Why is Probate required?
You may often hear from someone you know, whose mother/father/brother/sister died, that they didn’t need Probate compelling you to question why it is required at all. After all, there is a Will so why does it become so complicated after the fact? Yes, there are circumstances in which the executor will not be required to obtain Probate. This is may be the case where the assets are jointly held or it is considered a “small estate”, where the assets of the estate are of low value. However, it is important to understand that every estate is different. There is no stock-standard estate plan because the personal and financial circumstances of each person are varied.
There are many issues to consider when it comes to the duty of an executor and the administration of the estate, however, the most common reasons for obtaining Probate are outlined below:-
Authority to deal with assets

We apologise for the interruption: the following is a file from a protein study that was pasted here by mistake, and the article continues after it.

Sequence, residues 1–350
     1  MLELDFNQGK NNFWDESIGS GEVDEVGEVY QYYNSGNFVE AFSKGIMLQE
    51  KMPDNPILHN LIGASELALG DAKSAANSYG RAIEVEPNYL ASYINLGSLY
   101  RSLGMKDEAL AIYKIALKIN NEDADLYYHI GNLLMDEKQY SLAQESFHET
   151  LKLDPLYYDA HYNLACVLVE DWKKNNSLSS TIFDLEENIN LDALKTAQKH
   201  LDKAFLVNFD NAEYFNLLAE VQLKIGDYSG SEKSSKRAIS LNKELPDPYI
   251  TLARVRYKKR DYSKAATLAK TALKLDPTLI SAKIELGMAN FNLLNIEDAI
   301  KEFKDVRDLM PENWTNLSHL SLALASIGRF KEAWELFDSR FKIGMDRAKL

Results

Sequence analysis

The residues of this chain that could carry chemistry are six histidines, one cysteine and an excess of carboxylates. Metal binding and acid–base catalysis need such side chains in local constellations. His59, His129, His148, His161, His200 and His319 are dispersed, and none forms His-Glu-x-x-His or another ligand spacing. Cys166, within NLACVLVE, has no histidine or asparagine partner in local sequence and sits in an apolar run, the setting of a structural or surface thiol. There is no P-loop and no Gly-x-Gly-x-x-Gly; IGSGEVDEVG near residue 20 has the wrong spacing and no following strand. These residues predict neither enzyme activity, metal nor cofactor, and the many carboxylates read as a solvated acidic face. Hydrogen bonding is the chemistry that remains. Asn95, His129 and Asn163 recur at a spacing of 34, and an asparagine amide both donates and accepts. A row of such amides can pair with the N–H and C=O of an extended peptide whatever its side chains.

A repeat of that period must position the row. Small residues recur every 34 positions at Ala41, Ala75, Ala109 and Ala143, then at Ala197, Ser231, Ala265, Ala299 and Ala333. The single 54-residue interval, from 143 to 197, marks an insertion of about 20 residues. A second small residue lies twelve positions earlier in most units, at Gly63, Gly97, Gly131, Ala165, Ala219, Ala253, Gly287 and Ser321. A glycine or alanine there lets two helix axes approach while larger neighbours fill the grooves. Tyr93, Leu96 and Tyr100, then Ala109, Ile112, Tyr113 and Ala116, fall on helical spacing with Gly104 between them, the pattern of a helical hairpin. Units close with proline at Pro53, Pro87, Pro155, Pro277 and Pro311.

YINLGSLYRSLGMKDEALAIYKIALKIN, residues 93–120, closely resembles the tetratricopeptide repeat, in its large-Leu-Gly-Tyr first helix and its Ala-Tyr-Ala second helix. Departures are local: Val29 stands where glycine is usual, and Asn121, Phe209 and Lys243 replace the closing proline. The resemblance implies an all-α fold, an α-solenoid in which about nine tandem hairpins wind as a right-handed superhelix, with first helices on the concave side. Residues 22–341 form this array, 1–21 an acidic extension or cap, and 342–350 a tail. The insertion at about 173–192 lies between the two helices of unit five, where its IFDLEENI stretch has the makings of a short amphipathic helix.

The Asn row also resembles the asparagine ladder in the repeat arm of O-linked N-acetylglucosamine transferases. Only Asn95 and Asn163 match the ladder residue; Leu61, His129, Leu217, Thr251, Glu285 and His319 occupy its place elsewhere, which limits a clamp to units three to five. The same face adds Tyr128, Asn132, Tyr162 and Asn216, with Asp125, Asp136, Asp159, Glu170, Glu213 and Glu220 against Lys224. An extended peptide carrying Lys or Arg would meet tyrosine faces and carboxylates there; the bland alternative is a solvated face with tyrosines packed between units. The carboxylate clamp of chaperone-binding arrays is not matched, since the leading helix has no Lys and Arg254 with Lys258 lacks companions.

Most asset holders will not release or transfer assets held by a deceased person until a grant of Probate has been provided to them. For example, in New South Wales the sale or transfer of all real property held solely in the name of the deceased cannot be carried out without a grant of Probate or Letters of Administration. Generally, most banks and financial institutions will not release the contents of a person’s bank accounts if the value is over a certain threshold. There is no set or standard value, and each financial institution determines its own value at their discretion. It can also depend upon the family dynamics and who the beneficiaries are (and how many). For example, if a male dies and has several de facto partners with children from different marriages, it is unlikely a bank will release funds without a grant and, even if they do, they require indemnities to be given.